COLUMN: Developing new style of policing by Alan Charles

Police and Crime Commissioner for Derbyshire Alan Charles unveils details of his Crime Prevention Fund
Police and Crime Commissioner for Derbyshire Alan Charles unveils details of his Crime Prevention Fund

You don’t have to look very far these days to stumble across a headline that in some way refers to public spending cuts.

Invariably, such articles refer to policing with people like me, in public-facing positions, having to explain the inexplicable – how we can continue to maintain service levels with grossly reduced grants from central government.

Operational policing is complicated and one of the trickiest tasks is managing public expectations.

A whole army of people, from uniformed police officers and detectives through to intelligence analysts and IT experts, are involved in keeping the residents of Derbyshire safe yet by and large, most ordinary people still base our protective capacity on how many ‘bobbies on the beat’ we are capable of employing.

This, as you can imagine, leaves us with significant reassurance problems given that police numbers have fallen dramatically during the government’s austerity era.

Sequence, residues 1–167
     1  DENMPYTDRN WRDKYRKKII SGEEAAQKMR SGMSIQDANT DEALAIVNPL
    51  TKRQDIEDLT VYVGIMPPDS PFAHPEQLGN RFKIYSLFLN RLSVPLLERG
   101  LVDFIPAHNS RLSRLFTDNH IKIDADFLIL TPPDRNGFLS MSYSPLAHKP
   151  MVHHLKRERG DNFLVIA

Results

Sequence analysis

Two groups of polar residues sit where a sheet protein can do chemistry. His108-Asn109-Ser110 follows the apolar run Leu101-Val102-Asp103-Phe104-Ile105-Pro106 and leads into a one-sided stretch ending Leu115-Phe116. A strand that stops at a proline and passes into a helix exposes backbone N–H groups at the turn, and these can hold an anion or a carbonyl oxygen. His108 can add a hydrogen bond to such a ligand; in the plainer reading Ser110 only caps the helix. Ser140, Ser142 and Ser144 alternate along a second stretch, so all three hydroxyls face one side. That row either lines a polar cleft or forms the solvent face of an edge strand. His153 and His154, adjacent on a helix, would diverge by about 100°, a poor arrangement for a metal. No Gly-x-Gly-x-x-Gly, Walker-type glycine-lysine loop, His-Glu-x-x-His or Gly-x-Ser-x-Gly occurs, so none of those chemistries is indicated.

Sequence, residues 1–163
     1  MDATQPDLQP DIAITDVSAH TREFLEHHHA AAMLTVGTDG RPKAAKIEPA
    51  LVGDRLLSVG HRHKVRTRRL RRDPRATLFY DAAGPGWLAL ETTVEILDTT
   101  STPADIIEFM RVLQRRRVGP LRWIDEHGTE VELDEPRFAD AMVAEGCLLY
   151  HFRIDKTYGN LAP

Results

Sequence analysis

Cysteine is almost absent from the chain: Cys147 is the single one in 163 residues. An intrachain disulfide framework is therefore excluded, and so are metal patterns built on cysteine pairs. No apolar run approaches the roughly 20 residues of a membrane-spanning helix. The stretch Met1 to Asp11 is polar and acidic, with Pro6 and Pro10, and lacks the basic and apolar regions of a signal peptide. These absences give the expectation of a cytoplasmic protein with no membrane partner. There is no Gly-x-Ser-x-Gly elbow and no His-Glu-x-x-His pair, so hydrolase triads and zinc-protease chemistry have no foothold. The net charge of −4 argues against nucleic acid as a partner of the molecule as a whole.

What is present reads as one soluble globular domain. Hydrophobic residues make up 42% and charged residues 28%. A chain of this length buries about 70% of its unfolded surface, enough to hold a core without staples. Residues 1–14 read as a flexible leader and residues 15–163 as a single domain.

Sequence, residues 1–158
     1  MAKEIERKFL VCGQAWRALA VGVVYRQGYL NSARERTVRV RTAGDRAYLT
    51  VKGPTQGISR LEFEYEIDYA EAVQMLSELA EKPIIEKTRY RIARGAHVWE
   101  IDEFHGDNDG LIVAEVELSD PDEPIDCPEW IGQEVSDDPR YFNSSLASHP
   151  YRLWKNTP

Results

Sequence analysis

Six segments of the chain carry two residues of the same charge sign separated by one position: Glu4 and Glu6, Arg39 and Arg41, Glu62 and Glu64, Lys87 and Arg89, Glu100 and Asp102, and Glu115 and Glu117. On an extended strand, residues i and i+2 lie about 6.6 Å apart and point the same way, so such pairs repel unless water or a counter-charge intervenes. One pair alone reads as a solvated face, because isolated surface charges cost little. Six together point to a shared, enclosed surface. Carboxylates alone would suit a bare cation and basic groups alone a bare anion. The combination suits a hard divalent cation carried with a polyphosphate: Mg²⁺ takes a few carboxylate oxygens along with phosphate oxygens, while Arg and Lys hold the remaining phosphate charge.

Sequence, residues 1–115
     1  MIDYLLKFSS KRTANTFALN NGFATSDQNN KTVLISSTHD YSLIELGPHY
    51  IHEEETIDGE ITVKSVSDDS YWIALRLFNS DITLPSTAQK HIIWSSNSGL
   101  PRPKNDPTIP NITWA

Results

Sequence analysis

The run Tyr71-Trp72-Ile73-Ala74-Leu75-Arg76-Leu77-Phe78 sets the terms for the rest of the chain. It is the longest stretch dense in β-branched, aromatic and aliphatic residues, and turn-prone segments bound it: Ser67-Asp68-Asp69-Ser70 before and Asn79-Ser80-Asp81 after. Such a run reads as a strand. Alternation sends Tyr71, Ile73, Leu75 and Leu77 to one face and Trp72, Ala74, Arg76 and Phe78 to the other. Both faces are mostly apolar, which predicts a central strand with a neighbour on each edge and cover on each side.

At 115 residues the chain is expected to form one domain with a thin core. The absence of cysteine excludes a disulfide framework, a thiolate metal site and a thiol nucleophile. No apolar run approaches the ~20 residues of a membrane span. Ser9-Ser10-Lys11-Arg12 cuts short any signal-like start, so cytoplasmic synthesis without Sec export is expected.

In reality, there is little evidence that untargeted foot patrols have any impact on offending levels but what is clear is how much comfort members of the public derive from seeing a uniformed police presence in their street.

That said we cannot get away from the fact that we are staring at further multimillion pound deficits in the next five years and the need to wipe up to £26m off our budget costs, which has and will continue to result in the closure of redundant buildings and the loss of police officers.

It’s crucial that we ‘get clever’ and develop a new style of policing that is sensitive to risk and threat and penetrates the hidden criminality that puts children and vulnerable people at risk of harm. Why is this so important? Well quite frankly that’s the only way we will continue to keep on top of demand.

We’ll never stop the uniformed reassurance patrols but increasingly we’ll be looking for support from our specials and police volunteers to assist that visibility function, in addition to our neighbourhood officers.

I’m also going to do my utmost to protect the frontline but it’s again timely to reiterate that the frontline doesn’t merely consist of ‘bobbies on the beat’. This is just a fraction of the work that goes on in Derbyshire to keep criminality at bay.

We need the right experts in the right place to reduce harm and this might not always be a warranted police officer.

Technology has given criminals access to our homes that is far beyond the capabilities of a burglar. It’s vital we employ mutually sophisticated IT experts to trace and uncover these threats alongside our talented and dedicated police officers who will continue to respond to the risks on the ground.

Policing in the 21st century can’t just be about policing. We have to look to other sectors, industries and our partners for solutions. This is essential - with or without an infinite budget.